AW: There are funders that will ask for anecdotes in lieu of metrics or measurements, including asking for successes and challenges encountered. I quite prefer those questions. My personal and ever-growing feeling is that funders who want metrics should collect them themselves. Nonprofits need not be experts in all things. You want someone that’s really skilled in data analysis and measurement, if you as a funder have a specific focus on funding poverty in this local community, is it not incumbent upon you to collect the data that you need to prove that you are funding it in the right way? I don’t know many nonprofits that can pay a data expert what they’re worth.
Nonprofits are interested in the data too—we want to know that we are doing the “thing”—but we are also interested in the reality of the thing and data doesn’t give us all of that narrative. The question is really one for funders to start asking themselves. Given you as the funder have set your own focus areas and funding priorities, how do you plan to go about getting that information from nonprofits that you can see are under-resourced? And even what funders do get from nonprofits is not always the most accurate, most comprehensive, complete story.
I’m also not sure what all these reports are telling people. As someone that used to be a program officer and received grant reports, even I had the question of, “What do we do now?” And if an organization didn’t meet the metrics, are we using that reality that they fell short of the metrics to determine whether or not we fund them again, rather than to determine how we can help improve the situation?
JL: Sometimes as individuals and organizations, we feel powerless to effect change when the problems are so massive. What are some steps or some work that you recommend we can still do to make a difference in our day-to-day work?
AW: Giving into hopelessness and giving up is not a path that we can choose. You have days that are challenging and demoralizing, but you can look up any number of leaders in the sector that remind us to be hopeful. Equal Justice Initiative’s Bryan Stevenson is a great example. And we do have wins along the way!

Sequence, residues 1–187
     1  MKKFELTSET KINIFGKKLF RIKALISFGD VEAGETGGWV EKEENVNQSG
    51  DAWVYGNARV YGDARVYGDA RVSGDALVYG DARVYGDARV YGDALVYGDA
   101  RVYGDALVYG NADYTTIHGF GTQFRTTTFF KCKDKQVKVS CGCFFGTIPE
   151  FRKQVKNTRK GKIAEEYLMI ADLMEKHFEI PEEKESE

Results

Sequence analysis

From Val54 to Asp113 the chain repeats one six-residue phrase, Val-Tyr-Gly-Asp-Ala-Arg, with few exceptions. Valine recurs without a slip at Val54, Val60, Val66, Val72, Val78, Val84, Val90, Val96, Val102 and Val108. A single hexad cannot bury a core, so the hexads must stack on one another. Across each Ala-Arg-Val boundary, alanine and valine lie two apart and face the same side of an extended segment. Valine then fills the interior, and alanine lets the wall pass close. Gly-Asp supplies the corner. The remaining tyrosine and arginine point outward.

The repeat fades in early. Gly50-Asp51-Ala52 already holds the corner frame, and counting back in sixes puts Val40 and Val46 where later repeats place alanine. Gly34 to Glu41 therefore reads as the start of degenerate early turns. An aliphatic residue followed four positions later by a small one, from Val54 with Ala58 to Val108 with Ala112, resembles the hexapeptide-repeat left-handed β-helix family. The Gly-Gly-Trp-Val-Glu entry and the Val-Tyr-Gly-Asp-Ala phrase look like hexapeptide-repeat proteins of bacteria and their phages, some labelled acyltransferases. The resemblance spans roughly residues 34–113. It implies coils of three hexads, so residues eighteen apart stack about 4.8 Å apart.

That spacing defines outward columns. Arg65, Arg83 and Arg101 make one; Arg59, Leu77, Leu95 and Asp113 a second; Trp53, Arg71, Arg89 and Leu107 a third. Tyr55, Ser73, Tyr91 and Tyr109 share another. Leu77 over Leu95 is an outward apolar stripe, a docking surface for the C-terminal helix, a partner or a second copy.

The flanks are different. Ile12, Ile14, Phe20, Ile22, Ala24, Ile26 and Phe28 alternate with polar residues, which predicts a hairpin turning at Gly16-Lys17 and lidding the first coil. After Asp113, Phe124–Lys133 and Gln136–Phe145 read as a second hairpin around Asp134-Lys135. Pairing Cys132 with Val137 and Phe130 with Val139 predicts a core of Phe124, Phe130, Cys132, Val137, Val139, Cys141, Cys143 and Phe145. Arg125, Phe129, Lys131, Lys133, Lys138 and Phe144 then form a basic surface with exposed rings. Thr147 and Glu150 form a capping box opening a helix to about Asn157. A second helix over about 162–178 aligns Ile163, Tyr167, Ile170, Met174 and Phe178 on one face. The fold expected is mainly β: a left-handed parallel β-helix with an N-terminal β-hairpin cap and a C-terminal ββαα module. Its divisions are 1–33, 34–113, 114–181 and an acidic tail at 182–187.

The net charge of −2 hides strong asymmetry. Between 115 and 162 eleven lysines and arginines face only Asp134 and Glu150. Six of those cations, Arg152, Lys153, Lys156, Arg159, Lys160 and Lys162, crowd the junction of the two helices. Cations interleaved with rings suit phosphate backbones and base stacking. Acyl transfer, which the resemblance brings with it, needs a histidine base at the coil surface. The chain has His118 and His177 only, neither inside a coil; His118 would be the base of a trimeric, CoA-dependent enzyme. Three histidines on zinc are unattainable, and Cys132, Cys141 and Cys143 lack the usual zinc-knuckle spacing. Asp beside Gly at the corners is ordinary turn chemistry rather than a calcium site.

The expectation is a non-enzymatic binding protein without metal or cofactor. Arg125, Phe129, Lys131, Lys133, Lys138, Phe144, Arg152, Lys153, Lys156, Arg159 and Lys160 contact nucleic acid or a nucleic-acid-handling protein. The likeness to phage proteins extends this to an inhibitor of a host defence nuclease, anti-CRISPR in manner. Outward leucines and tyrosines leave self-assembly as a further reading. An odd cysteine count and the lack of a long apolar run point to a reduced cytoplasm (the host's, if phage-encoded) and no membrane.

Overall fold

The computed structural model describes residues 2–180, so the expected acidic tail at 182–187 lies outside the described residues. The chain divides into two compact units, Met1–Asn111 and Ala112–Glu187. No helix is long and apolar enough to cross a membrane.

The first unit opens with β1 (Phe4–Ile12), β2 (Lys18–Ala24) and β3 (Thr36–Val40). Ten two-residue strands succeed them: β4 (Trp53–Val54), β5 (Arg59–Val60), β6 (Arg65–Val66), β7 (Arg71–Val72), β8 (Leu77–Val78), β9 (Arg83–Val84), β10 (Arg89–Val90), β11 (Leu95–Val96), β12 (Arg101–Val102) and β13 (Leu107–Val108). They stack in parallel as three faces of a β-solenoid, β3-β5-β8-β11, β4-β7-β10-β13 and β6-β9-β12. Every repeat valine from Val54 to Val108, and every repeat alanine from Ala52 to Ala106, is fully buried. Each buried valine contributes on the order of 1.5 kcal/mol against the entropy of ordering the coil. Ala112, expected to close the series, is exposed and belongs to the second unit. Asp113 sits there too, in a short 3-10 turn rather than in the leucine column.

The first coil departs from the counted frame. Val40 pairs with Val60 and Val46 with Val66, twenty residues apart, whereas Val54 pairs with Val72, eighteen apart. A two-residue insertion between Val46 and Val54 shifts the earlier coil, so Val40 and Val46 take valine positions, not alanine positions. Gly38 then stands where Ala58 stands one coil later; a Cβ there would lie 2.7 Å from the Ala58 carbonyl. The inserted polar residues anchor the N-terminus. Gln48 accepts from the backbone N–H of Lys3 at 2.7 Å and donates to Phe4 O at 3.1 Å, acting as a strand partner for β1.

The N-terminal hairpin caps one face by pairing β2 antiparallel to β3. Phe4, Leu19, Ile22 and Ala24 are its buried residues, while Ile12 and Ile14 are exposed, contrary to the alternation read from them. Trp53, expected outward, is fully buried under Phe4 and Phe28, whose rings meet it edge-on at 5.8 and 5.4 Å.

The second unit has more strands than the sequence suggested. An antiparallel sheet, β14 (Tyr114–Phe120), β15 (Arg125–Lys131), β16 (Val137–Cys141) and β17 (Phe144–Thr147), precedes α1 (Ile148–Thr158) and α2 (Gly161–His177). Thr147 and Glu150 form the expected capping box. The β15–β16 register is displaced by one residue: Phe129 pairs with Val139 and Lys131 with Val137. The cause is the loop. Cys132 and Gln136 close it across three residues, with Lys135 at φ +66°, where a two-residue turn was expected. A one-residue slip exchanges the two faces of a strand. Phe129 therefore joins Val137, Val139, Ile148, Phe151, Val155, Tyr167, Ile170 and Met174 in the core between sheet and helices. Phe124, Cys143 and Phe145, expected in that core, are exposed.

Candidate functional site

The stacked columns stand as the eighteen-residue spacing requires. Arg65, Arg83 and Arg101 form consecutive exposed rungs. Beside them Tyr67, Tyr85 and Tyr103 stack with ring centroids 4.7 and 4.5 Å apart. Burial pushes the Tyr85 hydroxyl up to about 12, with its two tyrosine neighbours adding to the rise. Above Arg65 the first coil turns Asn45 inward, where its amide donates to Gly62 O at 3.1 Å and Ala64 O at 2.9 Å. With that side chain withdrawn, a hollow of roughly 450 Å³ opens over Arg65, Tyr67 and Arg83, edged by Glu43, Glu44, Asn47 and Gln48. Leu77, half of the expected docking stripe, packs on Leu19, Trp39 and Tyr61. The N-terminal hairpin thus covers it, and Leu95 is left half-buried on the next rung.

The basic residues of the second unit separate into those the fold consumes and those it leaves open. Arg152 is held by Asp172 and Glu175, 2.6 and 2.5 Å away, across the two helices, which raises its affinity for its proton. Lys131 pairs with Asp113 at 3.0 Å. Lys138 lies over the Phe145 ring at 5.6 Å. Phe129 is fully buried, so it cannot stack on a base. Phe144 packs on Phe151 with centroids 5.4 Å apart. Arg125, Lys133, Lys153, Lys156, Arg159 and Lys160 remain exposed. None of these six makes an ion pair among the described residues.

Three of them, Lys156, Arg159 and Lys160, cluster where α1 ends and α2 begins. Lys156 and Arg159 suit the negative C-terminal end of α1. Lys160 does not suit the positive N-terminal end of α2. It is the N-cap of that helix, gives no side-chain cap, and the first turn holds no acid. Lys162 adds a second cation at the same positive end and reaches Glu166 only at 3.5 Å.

I’m also finding the people that I can link arms with. I’m not going to spend a huge amount of time on the people that are committed to moving slowly or delaying. I think your day-to-day has to find a balance between, “I have this capacity to fight, but when I feel like I’m at my wits end, I can turn back to the community that I know is bolstering me and take some strength from them.”
I also use my own philanthropy for this purpose. I support the organizations that I believe in and I know are doing good work and that I can trust, and that’s where I designate as much support as I can. I can also show up as a volunteer, I can show up as a board member, or I can just lend time to make an introduction. All of those things still matter inside of a system that is working to save itself, inside of whiteness as a construct that only knows how to defend itself. I have no qualms and no Illusions about how powerful the systems are, but I also won’t doubt my capacity for change and my capacity for impact.
Interested in learning more about alternative models of fundraising that are more community-centered? Check out the 10 principles of Community-Centric Funding developed by fundraisers of color that are grounded in racial and economic justice.
Keep your eye on this space for more ideas and strategies from April in the coming months as well as other Elevate Q&As.
April Walker, Philanthropy for the People
In February, we kicked off a year-long partnership with Philanthropy for the People, and its founder April Walker. April’s expertise centers specifically on racial equity and justice in fundraising and grantmaking,
April is facilitating conversations and workshops for Elevate staff about wealth, philanthropy, and fundraising justice throughout 2023. Our aim for this portion of our work is to build a shared vocabulary and understanding among Elevate staff about these topics so that we can be better partners to our clients and drive meaningful change in the nonprofit sector.
April’s unique focus on equity in philanthropy is particularly important to Elevate, given the nature of our work to support nonprofit fundraising in an inherently inequitable philanthropic sector. This context has major consequences for our nonprofit partners, and Elevate is committed to hastening change in the sector.
Interested in hearing more about April’s expertise and her advice on what it will take to transform the philanthropic sector? Look for our next blog installment!
Dominique Hollins, WĒ360: 360° of Workplace Equity
We have likewise engaged Dominique Hollins, Founder and Connector-in-Chief of WĒ360, to conduct a company-wide equity audit. Our work with Dominique is internally-focused and designed as the primary information-gathering step in developing Elevate’s long-term IDEA+J strategy.
Dominique will conduct a company-wide IDEA+J assessment that highlights strengths and areas of development for sustainable IDEA+J implementation in the years to come. Her assessment will include surveys of Elevate staff and a review of relevant internal policies and procedures. This information will inform the design of our long-term IDEA+J strategy. We intend to repeat this assessment every two to three years to measure and evaluate progress.
Dominique is a sought-after consultant, coach and speaker who has been quoted in the Washington Post and recognized by Fortune for her work. She develops customized strategies that bridge the gap between corporate responsibility and organizational accountability to enable equitable and inclusive business practices.